Project Title: Assessing the Potential of Nitric Oxide-Releasing Polymers for Bone Regeneration
Project Duration: May 25 – August 1, 2015 (10 weeks), 40 hours per week.
- Primary Faculty Mentor (Name, Affiliation, website and Email/Phone):
- Cheryl Gomillion, College of Engineering, firstname.lastname@example.org, 706-542-0918
- Secondary Faculty Mentor (Name, Affiliation, website and Email/Phone):
- Graduate Student/PostDoc mentors (Name, Affiliation and Email/Phone):
- Marcus Goudie, College of Engineering, email@example.com
Project Description: Tissue engineering research aims to develop biological substitutes for damaged or diseased tissues, most often using a combination of autologous cells obtained from healthy patient tissue and biomaterial scaffolds that support cell growth and subsequent tissue formation. A large proportion of tissue engineering research is focused on bone tissue engineering to yield healthy bone tissue useful bone fracture repair. In addition to significant bone tissue loss, extensive traumatic injuries, such as those sustained in accidents or combat, are often associated with risk of bacterial infection, which may limit the long-term success of the engineered bone graft. The development of a multi-purpose, tissue-engineered implant, which could support normal bone cell proliferation and osteogenesis (bone formation) while simultaneously minimizing bacterial infection, could improve the success of implanted bone graft materials.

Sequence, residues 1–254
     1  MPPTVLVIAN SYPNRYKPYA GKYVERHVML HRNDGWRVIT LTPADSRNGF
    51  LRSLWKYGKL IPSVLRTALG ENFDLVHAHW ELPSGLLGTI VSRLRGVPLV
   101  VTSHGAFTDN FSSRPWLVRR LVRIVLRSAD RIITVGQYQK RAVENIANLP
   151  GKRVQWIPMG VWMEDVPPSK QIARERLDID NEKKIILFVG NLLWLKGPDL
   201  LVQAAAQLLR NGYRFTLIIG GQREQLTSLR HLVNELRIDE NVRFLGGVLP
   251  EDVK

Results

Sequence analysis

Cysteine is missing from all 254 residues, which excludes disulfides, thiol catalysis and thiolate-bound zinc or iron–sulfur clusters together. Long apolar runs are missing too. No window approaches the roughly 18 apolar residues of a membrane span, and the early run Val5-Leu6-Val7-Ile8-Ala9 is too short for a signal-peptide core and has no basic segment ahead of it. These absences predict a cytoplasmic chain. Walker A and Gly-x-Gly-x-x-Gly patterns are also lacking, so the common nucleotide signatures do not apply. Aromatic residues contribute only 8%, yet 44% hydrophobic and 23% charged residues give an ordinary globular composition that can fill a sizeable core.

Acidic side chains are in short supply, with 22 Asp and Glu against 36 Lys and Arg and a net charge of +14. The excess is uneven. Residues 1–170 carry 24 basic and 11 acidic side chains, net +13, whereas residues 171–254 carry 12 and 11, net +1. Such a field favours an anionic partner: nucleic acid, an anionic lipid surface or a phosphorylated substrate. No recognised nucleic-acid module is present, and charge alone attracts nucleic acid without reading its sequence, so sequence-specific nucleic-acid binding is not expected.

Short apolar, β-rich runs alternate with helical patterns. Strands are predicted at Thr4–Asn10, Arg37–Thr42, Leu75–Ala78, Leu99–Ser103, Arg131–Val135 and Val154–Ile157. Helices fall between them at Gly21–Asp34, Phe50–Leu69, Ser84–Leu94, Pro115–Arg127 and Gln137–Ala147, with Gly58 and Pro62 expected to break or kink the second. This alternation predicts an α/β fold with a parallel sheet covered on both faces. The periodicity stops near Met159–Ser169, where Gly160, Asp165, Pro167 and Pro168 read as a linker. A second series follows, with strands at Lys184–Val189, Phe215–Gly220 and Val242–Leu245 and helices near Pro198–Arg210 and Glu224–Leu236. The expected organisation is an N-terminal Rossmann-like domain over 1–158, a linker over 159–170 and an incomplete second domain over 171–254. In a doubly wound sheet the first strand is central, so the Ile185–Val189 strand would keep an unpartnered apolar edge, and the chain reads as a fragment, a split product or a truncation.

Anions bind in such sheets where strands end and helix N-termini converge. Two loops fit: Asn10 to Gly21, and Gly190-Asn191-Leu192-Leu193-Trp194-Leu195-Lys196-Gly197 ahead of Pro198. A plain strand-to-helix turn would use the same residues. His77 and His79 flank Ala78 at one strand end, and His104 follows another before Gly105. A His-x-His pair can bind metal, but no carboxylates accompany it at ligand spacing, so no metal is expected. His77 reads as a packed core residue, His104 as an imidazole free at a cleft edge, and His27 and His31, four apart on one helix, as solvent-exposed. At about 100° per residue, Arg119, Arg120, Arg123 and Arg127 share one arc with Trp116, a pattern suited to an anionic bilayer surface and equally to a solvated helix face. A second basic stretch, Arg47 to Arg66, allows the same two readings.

Using nitric oxide (NO)-releasing materials is one approach that has great potential to improve the antimicrobial properties of bone grafts. NO plays an important role in immune response as a potent antimicrobial agent that can target important structures within bacteria cells, including DNA and proteins, after diffusion across their cell membranes. The short half-life of NO (order of seconds), in both blood and tissue, allows localized action without causing any systemic effects that are common with other antibacterial agents. Further, NO has been shown to play a role in bone cell function as a regulator of bone remodeling processes involving osteoclasts and osteoblasts, however, the specific effects of NO on osteoblasts, the cells responsible for bone formation, have been shown to vary depending on NO concentrations used to treat the cells. Therefore, the goal of this project is to develop antibacterial biomaterial scaffolds, based on controlled, NO-releasing polymers that will enhance bone cell function for bone tissue engineering applications.
REU Student Role and Responsibility: Over the course of the project, the student will gain experience in polymer synthesis, materials characterization, and biomaterial scaffold fabrication, specifically focused on preparing controlled-release, NO-based polymer films that may be used as a platform for cell studies. In addition, the student will be trained in aseptic technique, cell culturing, and bone cell biology. Following preparation of the scaffold materials, the student will perform an in vitro cell study to examine the interaction of bone cells with these NO-releasing materials, by evaluating bone cell attachment, proliferation, and differentiation. The combination of these experiences will provide a comprehensive training opportunity in key areas of biomedical research.
Expected Outcome for REU student: The student’s project will serve as a preliminary assessment of the interaction between osteogenic cells and NO-releasing polymers, which will provide a foundation for a longer-term project focused on optimizing polymer scaffold design for bone regeneration. Findings obtained from the student’s project will likely contribute to the development of a manuscript intended for submission to a journal such as Biomaterials, Journal of Materials Chemistry B, or Journal of Biomedical Materials Research: Part A, in addition to a conference abstract submission for presentation at a professional society meeting such as the annual meeting of the Biomedical Engineering Society.